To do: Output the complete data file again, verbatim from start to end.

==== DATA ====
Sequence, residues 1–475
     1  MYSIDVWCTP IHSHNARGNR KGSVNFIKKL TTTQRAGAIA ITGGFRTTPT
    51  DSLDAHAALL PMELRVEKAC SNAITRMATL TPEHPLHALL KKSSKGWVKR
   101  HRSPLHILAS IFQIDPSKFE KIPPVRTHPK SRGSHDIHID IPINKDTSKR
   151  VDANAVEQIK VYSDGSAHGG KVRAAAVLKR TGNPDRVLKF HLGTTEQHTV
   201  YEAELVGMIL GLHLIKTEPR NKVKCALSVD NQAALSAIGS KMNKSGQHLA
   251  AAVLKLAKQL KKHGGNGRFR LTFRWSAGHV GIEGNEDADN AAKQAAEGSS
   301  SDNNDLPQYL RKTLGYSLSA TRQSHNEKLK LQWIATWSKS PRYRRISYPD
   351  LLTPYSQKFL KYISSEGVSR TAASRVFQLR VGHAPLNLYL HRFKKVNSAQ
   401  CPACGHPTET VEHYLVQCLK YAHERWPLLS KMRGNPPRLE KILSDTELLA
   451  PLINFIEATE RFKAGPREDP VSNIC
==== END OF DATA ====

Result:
Sequence, residues 1–475
     1  MYSIDVWCTP IHSHNARGNR KGSVNFIKKL TTTQRAGAIA ITGGFRTTPT
    51  DSLDAHAALL PMELRVEKAC SNAITRMATL TPEHPLHALL KKSSKGWVKR
   101  HRSPLHILAS IFQIDPSKFE KIPPVRTHPK SRGSHDIHID IPINKDTSKR
   151  VDANAVEQIK VYSDGSAHGG KVRAAAVLKR TGNPDRVLKF HLGTTEQHTV
   201  YEAELVGMIL GLHLIKTEPR NKVKCALSVD NQAALSAIGS KMNKSGQHLA
   251  AAVLKLAKQL KKHGGNGRFR LTFRWSAGHV GIEGNEDADN AAKQAAEGSS
   301  SDNNDLPQYL RKTLGYSLSA TRQSHNEKLK LQWIATWSKS PRYRRISYPD
   351  LLTPYSQKFL KYISSEGVSR TAASRVFQLR VGHAPLNLYL HRFKKVNSAQ
   401  CPACGHPTET VEHYLVQCLK YAHERWPLLS KMRGNPPRLE KILSDTELLA
   451  PLINFIEATE RFKAGPREDP VSNIC